Multi-talented artist Kyle Shilling is breaking the silence
It took a song penned by his younger brother for 25-year-old Kyle Shilling to question his path in life. Growing up in the Manning Valley’s Wallabi Point as the eldest of five (he also has a twin brother) Kyle spent his teenage years indulging in the kind of behaviour he believed was expected of him.
“I was a really naughty teenager and an angry person,” Kyle reflects. “We’d drink and take cars for joyrides. Every weekend I was brought home by the police, and gangs of people would show up to my parents’ house looking for me. It got really bad.”
When he turned 17, Kyle realised that he was on a dead-end road that would eventually lead to jail – or worse.
The turning point
“One of my little brothers showed me a verse of a song he’d written about how he felt watching the way my life was unfolding,” he says. “I realised the pain I’d put my family through and knew I was ready to make different choices.”
A talented dancer and songwriter, Kyle was encouraged by his family to enrol in NAISDA, a performing arts college for Aboriginal and Torres Strait Islander youth. Whilst studying at NAISDA, Kyle began the journey of channelling his experiences into art and researching his cultural background.
“My twin brother and I are the only Aboriginal people in my family,” he says. “My father was Aboriginal but he left when I was little, and my mum is white. It’s a confusing family! We’d always been encouraged to research our culture, and traced our bloodline to the Widjubal clan inside the Bundjalung nation around Lismore. We also found out that we’re part South Sea Islander and that our great-grandmother was a sugar cane slave brought over from the islands.”
Kyle has worked hard to change the direction of his life
Kyle’s reason why
Since discovering his roots, Kyle’s drive to perform and create has been infused with a why that goes beyond making a name for himself exemplified by his recent lead role in the award-winning play, Man With The Iron Neck, a production that explores the pervasive issue of suicide in Indigenous communities.
“Being part of the production really opened my eyes,” Kyle explains. “While I knew about the problem before, I’d never paid a lot of attention to it. When I learned the statistics around suicide in Aboriginal families, and that Aboriginal people have the highest suicide rate in the world, I felt like I had to do everything I could to bring attention to the issue and the inter-generational trauma that is embedded into our people.”
Devastatingly, one of his close friends took his own life while Kyle was touring with the production. “I couldn’t make it to his funeral because we were performing that day,” Kyle says, sadly. “His death gave me a sense of urgency about spreading the message that Man With The Iron Neck is about, both personally and publicly. It’s just so important to reach out and talk to each other about this stuff.”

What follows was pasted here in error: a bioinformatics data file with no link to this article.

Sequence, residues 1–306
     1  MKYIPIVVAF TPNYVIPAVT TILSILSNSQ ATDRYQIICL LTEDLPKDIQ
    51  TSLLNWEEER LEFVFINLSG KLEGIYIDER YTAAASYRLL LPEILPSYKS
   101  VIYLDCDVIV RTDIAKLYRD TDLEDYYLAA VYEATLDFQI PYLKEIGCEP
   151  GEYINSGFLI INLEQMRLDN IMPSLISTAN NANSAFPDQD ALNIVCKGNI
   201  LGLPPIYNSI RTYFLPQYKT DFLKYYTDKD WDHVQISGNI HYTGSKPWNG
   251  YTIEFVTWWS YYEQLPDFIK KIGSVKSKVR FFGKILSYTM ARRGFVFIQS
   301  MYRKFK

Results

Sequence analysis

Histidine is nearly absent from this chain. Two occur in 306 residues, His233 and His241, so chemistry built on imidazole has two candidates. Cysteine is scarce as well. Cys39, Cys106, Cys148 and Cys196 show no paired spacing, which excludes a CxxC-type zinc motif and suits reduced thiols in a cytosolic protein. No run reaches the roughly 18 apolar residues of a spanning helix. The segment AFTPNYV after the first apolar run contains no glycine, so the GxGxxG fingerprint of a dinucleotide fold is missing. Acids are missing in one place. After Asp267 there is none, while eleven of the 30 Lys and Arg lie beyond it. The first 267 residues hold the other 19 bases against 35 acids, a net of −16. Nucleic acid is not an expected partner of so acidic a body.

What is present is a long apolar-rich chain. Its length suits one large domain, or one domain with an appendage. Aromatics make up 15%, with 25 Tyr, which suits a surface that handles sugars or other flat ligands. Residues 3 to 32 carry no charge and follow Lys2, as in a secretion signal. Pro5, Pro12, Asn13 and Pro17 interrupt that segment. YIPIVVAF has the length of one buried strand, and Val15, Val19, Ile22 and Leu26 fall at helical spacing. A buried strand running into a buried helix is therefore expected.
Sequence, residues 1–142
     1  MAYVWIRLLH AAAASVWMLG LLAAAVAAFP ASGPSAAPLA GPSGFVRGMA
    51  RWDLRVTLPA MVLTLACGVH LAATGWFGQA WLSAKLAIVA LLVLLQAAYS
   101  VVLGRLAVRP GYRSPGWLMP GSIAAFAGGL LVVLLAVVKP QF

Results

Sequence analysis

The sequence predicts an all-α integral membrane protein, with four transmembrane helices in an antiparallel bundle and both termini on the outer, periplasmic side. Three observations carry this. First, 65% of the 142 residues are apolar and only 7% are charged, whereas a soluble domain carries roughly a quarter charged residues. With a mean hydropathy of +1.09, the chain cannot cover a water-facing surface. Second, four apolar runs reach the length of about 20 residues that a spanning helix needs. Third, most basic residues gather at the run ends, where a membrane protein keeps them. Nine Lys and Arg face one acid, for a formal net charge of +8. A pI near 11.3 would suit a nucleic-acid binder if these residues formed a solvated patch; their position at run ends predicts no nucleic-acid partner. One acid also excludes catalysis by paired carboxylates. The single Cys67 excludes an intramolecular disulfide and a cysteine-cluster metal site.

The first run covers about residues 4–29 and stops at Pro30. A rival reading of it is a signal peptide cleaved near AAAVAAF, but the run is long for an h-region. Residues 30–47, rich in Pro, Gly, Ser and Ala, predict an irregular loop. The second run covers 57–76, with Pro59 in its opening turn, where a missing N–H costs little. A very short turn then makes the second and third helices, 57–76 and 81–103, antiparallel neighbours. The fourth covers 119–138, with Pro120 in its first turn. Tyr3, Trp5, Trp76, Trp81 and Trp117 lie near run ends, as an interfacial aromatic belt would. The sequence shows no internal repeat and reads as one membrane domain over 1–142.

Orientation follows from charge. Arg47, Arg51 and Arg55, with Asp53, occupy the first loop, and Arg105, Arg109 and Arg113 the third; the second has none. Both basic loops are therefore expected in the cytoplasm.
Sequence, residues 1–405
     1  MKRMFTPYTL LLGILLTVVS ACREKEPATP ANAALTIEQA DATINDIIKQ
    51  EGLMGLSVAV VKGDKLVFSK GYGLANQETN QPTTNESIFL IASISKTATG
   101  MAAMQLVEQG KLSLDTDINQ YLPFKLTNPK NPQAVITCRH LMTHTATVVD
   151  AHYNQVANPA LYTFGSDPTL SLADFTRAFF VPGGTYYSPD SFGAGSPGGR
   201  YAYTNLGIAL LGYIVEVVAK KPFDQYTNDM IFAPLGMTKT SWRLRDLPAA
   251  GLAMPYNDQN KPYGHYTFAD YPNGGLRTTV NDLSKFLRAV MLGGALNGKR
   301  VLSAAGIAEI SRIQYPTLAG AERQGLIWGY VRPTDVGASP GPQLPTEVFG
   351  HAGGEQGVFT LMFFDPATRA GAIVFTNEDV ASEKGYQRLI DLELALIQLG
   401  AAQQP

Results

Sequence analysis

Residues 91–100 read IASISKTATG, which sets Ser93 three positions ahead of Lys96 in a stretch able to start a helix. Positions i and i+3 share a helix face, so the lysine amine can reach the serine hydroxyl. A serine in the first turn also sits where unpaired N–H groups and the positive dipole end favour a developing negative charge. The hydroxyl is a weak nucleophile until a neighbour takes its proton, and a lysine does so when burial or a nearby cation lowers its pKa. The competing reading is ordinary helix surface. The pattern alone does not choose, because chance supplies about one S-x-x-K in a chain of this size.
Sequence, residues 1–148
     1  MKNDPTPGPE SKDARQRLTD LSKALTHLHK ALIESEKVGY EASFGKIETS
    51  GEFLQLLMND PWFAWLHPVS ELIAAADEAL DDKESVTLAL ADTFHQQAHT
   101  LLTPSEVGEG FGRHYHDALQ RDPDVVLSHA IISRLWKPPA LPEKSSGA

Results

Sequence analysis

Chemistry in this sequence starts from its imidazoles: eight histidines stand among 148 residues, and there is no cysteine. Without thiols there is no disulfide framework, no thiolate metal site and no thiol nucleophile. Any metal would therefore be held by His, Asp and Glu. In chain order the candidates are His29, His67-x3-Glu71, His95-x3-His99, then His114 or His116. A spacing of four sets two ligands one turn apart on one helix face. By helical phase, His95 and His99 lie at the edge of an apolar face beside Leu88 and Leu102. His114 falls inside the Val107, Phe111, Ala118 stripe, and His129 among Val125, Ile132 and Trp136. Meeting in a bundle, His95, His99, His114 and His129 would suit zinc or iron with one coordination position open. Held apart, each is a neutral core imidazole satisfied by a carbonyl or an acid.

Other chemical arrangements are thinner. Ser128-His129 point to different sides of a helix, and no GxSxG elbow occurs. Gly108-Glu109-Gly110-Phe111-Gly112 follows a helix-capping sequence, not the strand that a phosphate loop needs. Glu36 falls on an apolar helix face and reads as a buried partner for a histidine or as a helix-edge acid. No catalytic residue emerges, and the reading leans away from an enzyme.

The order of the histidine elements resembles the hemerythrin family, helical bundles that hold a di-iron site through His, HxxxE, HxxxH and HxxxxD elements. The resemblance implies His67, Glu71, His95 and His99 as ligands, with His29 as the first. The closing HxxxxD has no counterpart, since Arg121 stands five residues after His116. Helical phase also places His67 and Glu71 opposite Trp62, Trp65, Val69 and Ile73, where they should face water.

“I had another friend who had a serious motorbike accident and was in hospital for months. I messaged him every night during that time. A couple of months later when he was out of hospital, he told me how low he had been feeling and how much he looked forward to my messages every night. Sometimes the small things make a big difference.”
After time on the road, Kyle loves being back home on the coast to reconnect, rejuvenate and rest
Encouraging young people
On top of his work as a musician, actor and dancer, Kyle teaches at the Stacey Lee School of Dance in Taree. He also works with Indigenous communities in Alice Springs, encouraging young people to use creative practices as a vehicle for sharing stories and managing their mental health. Often, it takes Kyle sharing his own stories to break the ice and gain a rapport with kids who are struggling.
“Part of my work is to remind Aboriginal kids that they come from a performing culture. I encourage them to take advantage of the creativity that is in their blood, to build stories, dance and spread the word.”
Kyle encourages Aboriginal kids to tap into their creative talents
Speaking out about mental health
Kyle’s willingness to break the silence on mental health issues has also created significant change in his personal life, leading him to give up alcohol and use music and creative expression to deal with feelings of anxiety and depression.
“I’ve now realised that alcohol was really impacting my mental health the world is so much clearer now,” he says. “I don’t look down on anyone who still drinks but I see the effect it has on communities. It’s devastating.”
Performances with heart
Since finishing Man With The Iron Neck, Kyle has been focusing on music – he performed at the Gold Coast’s Pig Day Out Festival in September. Proceeds from the event went to Livin, an Australian charity that supports the issues closest to Kyle’s heart: mental health and suicide prevention. He’s also working with new management to secure some on-screen roles and plans to take his talent, message and culture all the way to Hollywood.
When asked what wisdom he’d share with his younger self, Kyle pauses for a moment. “I like what my younger self went through, he smiles. People think that if they grow up in a bad situation that they have no choice, but I’m proof that we’re all born with a choice.”
Watch this space.
Dance is one way Kyle connects to his heritage